Sexual selection favours good or bad genes for pathogen resistance depending on males' pathogen exposure.

Détails

Ressource 1Télécharger: 31064300 Joye and Kawecki 2019.pdf (1129.16 [Ko])
Etat: Serval
Version: Author's accepted manuscript
Licence: Non spécifiée
ID Serval
serval:BIB_B4E31BEFE409
Type
Article: article d'un périodique ou d'un magazine.
Collection
Publications
Titre
Sexual selection favours good or bad genes for pathogen resistance depending on males' pathogen exposure.
Périodique
Proceedings of the Royal Society. B Biological sciences
Auteur(s)
Joye P., Kawecki T.J.
ISSN
1471-2954 (Electronic)
ISSN-L
0962-8452
Statut éditorial
Publié
Date de publication
15/05/2019
Peer-reviewed
Oui
Volume
286
Numéro
1902
Pages
20190226
Langue
anglais
Résumé
Resistance to pathogens is often invoked as an indirect benefit of female choice, but experimental evidence for links between father's sexual success and offspring resistance is scarce and equivocal. Two proposed mechanisms might generate such links. Under the first, heritable resistance to diverse pathogens depends on general immunocompetence; owing to shared condition dependence, male sexual traits indicate immunocompetence independently of the male's pathogen exposure. By contrast, other hypotheses (e.g. Hamilton-Zuk) assume that sexual traits only reveal heritable resistance if the males have been exposed to the pathogen. The distinction between the two mechanisms has been neglected by experimental studies. We show that Drosophila melanogaster males that are successful in mating contests (one female with two males) sire sons that are substantially more resistant to the intestinal pathogen Pseudomonas entomophila-but only if the males have themselves been exposed to the pathogen before the mating contest. By contrast, sons of males sexually successful in the absence of pathogen exposure are less resistant than sons of unsuccessful males. We detected no differences in daughters' resistance. Thus, while sexual selection may have considerable consequences for offspring resistance, these consequences may be sex-specific. Furthermore, contrary to the 'general immunocompetence' hypothesis, these consequences can be positive or negative depending on the epidemiological context under which sexual selection operates.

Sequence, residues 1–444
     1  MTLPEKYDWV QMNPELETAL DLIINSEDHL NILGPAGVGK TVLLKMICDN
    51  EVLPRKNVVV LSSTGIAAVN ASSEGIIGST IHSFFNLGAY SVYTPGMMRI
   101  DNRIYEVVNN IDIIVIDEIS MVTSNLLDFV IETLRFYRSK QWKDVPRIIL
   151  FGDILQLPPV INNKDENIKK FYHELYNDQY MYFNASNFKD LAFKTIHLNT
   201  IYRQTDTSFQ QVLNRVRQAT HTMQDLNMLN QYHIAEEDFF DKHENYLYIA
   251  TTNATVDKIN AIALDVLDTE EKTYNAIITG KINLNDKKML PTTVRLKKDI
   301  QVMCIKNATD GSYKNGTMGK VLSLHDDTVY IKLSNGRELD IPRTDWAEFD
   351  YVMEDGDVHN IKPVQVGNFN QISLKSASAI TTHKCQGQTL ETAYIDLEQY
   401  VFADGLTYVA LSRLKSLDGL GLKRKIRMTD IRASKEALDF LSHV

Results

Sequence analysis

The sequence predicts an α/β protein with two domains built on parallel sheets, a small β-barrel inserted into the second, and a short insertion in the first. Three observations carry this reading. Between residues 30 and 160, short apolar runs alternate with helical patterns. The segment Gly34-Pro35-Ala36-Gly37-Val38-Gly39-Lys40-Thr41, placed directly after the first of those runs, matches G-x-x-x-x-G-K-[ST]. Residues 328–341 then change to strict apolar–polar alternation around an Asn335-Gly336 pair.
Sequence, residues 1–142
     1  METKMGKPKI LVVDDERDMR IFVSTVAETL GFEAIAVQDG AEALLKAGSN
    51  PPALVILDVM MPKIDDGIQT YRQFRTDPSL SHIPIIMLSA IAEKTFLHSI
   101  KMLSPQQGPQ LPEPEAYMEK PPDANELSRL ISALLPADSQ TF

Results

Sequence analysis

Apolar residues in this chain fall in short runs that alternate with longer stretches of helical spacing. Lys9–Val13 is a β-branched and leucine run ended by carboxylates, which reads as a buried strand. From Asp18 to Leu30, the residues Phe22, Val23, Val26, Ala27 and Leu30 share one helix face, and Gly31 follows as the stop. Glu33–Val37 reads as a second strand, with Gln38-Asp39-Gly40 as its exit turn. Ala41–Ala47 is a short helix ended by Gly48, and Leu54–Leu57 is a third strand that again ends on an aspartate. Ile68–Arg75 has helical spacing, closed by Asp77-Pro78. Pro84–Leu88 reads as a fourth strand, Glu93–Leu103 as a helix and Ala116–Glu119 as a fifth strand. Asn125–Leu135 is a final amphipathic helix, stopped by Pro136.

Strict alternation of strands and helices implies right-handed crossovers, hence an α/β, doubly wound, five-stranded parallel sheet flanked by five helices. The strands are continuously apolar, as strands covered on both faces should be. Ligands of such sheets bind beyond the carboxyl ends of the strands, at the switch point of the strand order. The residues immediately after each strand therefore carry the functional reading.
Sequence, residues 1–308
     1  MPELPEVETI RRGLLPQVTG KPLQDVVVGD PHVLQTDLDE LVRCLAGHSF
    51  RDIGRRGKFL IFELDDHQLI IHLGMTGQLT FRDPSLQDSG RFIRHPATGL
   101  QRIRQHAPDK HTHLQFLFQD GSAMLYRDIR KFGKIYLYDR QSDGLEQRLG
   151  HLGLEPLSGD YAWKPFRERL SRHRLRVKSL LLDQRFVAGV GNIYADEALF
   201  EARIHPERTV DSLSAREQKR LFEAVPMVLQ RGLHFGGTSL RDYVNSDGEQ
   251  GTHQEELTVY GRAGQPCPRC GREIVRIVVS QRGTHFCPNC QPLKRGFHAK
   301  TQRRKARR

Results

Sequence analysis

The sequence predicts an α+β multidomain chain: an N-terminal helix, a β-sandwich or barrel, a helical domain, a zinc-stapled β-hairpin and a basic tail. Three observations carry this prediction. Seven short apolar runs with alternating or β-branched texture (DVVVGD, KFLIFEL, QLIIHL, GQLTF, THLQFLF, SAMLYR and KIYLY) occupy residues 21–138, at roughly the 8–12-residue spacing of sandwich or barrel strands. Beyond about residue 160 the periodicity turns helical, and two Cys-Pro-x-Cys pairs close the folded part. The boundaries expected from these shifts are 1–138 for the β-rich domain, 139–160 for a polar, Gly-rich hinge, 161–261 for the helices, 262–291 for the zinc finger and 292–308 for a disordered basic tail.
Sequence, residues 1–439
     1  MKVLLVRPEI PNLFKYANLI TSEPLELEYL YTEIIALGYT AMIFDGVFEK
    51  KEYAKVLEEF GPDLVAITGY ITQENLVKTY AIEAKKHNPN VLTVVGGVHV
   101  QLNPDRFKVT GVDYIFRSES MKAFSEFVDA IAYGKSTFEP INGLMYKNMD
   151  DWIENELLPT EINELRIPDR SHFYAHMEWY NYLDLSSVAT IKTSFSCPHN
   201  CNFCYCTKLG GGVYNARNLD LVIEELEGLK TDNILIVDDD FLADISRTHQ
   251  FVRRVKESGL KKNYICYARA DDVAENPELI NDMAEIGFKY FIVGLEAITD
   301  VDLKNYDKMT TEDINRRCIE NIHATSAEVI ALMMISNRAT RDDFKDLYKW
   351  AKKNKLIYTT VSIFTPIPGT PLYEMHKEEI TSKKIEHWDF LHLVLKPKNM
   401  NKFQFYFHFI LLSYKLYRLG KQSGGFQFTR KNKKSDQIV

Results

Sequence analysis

Mots-clé
good genes, parasites, immunocompetence, Hamilton-Zuk hypothesis, female choice, Drosophila, Drosophila, Hamilton–Zuk hypothesis, female choice, good genes, immunocompetence, parasites
Pubmed
Web of science
Open Access
Oui
Création de la notice
10/05/2019 10:14
Dernière modification de la notice
07/06/2019 6:11
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